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Partial Birth Abortion Print E-mail


Written by Kerby Anderson

A Commitment to Gruesomeness

This year is the twenty-seventh year of legal abortion, and the only thing that appears to have changed in the debate is the addition of newer and more gruesome abortion procedures. At the top of the list is partial birth abortion.

The first legislative debate on partial birth abortion took place back in 1995 when Representative Charles Canady introduced a bill to ban this unknown procedure. Congressional testimony revealed that a fetus was delivered feet first, up to the head, so that the skull could be pierced and the brain suctioned out.

Canady's bill was a response to a paper delivered by Martin Haskell, a doctor from Dayton, Ohio, at the National Abortion Federation. At the time, reaction to Haskell's practice ran high in Ohio and eventually nationwide. The state of Ohio became the first state to prohibit the procedure and Canady's bill began to focus the issue on a national level.

Who would have predicted that such a long and protracted battle would take place over the last five years? And perhaps that shows how extreme the abortion lobby has become by its willingness to defend any abortion procedure no matter how far advanced the pregnancy might be. It also demonstrates the judiciary's willingness to defend abortion at every turn.

Although Charles Canady's bill was passed by both the House (288 to 139) and Senate (54 to 44), it was vetoed by President Clinton in April of 1996. Meanwhile, pro-life advocates were turning their energies to state legislatures. Partial birth abortion bans spread like wildfire through the legislatures. Today nearly three out of every five state legislatures have passed a ban, and some of these bans have been passed over gubernatorial vetoes. Unfortunately, liberal judges in various judicial jurisdictions have overturned many of these bans, alleging that they are vague or could threaten the life of the mother.

Congress has also reconsidered the issue again. Senator Rick Santorum reintroduced the ban in January 1997. A month later the newspaper American Medical News published an interview with Ron Fitzsimmons, executive director of the National Coalition of Abortion Providers. He admitted that he lied on national television regarding the number of partial birth abortions performed and the reasons for them. This was a stunning revelation that thousands of such abortions had been performed and usually for no medical indications. The momentum for a ban on partial birth abortions seemed to be growing. And the bill again passed both houses of Congress with a larger margin. But the Senate vote (64 to 36) was still not quite large enough to ensure an override of the expected veto by President Clinton.

Currently Congress is considering the issue again. And there are many political commentators who wonder if the margin may grow again since this is an election year. Also, as we will discuss in more detail, the Supreme Court seemed poised to act on the issue as well. While that does not insure that a federal ban on partial birth abortion will pass this year, it does raise the stakes over this controversial and gruesome procedure. Will Congress or the courts eventually ban this procedure? That seems more likely now than at any time in the past. Certainly the next few months will tell. But how will that take place?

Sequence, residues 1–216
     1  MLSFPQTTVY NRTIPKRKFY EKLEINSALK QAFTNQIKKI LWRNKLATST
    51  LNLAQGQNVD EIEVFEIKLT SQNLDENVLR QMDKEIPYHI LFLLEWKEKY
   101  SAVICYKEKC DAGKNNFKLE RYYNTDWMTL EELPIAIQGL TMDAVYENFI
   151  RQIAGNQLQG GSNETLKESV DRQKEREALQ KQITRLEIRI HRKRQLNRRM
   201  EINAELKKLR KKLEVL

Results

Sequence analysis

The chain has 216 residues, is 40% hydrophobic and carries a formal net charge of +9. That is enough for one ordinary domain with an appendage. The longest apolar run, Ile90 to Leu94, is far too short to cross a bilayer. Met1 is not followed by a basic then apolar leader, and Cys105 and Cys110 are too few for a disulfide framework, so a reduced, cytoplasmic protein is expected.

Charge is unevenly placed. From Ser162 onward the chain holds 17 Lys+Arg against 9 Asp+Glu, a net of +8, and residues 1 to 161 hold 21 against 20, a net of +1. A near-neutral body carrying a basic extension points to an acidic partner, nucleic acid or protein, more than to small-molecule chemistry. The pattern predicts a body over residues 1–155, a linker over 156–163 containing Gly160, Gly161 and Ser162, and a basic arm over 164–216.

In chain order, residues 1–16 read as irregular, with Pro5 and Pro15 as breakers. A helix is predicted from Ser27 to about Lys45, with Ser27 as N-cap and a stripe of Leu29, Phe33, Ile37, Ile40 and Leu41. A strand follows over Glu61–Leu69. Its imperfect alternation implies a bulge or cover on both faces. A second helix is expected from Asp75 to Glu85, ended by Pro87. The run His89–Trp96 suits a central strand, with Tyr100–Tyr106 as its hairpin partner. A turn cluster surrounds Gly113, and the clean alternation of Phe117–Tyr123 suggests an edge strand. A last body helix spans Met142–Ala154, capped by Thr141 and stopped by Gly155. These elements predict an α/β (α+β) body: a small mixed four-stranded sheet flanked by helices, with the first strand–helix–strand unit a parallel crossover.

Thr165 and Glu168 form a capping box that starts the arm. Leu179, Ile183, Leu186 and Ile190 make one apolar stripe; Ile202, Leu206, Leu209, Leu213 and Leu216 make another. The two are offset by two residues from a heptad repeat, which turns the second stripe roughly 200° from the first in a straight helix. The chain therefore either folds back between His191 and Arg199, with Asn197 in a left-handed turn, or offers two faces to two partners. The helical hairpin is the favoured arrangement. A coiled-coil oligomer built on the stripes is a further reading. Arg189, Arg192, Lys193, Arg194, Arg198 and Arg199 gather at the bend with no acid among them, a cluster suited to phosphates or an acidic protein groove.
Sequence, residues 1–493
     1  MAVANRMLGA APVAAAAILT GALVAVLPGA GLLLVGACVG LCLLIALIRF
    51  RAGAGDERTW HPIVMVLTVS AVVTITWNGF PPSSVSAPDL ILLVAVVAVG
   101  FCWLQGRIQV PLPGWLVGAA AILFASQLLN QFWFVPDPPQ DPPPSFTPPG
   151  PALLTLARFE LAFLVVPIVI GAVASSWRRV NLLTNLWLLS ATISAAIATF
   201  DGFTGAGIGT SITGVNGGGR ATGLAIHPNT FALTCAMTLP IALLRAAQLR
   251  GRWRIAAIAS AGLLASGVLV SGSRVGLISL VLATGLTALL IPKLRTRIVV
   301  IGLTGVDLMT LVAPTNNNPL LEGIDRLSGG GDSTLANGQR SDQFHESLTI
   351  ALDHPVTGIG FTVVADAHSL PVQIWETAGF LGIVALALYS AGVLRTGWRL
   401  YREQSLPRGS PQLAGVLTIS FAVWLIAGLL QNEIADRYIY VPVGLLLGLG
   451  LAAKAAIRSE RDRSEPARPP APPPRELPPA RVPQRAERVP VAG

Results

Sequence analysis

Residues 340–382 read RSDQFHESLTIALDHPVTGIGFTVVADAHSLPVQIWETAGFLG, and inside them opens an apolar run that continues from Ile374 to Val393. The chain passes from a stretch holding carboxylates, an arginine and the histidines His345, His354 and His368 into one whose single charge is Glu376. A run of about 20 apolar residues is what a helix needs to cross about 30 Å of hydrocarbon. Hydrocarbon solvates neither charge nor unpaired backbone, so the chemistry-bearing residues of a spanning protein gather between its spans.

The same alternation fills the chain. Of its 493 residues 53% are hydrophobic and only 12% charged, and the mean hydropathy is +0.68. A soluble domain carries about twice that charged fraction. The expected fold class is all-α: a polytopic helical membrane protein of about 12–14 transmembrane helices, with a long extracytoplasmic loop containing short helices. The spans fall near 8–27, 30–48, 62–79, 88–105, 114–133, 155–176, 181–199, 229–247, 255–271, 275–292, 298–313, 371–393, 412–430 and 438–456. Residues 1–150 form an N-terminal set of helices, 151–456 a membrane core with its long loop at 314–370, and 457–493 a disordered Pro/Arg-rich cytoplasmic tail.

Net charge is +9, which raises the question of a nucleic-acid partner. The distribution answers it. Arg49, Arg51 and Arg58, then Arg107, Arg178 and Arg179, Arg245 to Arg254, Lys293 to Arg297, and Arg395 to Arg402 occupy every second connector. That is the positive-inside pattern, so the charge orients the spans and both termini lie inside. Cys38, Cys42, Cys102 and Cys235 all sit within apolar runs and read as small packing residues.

The Current Climate

Publicity over the partial birth abortion procedure has helped build momentum. During the debate in October of 1999, Senator Rick Santorum and Senator Barbara Boxer engaged in the following exchange.

Santorum: But, again, what you are suggesting is if the baby's toe is inside the mother, you can, in fact, kill that baby.

Boxer: Absolutely not.

Santorum: Okay. So if the baby's toe is in, you can't kill the baby. How about if the baby's foot is in?

Boxer: You are the one who is making these statements.

Santorum: We are trying to draw a line here.

Boxer: I am not answering these questions.

Santorum: If the head is inside the mother, you can kill the baby.

Discussion and dialogue like this has helped solidify and bolster public opposition to partial birth abortion. Democratic Senator Daniel Patrick Moynihan has called this procedure "near-infanticide." Opinion polls show that he is not alone in his assessment. Even citizens and politicians who are sympathetic to abortion rights are repulsed by partial birth abortion.

Throughout this year the battle against partial birth abortion will be fought on two fronts: Congress and the courts. Pro-life advocates point out that vote counts in the Senate show they are getting very close to a veto-proof margin. Key senators forced to vote on this measure during an election year might make the difference.

Meanwhile, federal courts have forced the Supreme Court to deliberate on the issue. This fall federal judges in Wisconsin and Illinois found the partial birth abortion bans in their states to be constitutional. Before the laws could be implemented, Supreme Court Justice John Paul Stevens issued a stay that holds the two state laws in limbo until the high court disposes of the appeals.

Legal experts say that the order is written in such a way as to force the court to directly consider the constitutionality of partial birth abortions, or else the court must leave these state laws in place. In either case, this appears to be a pro-life victory.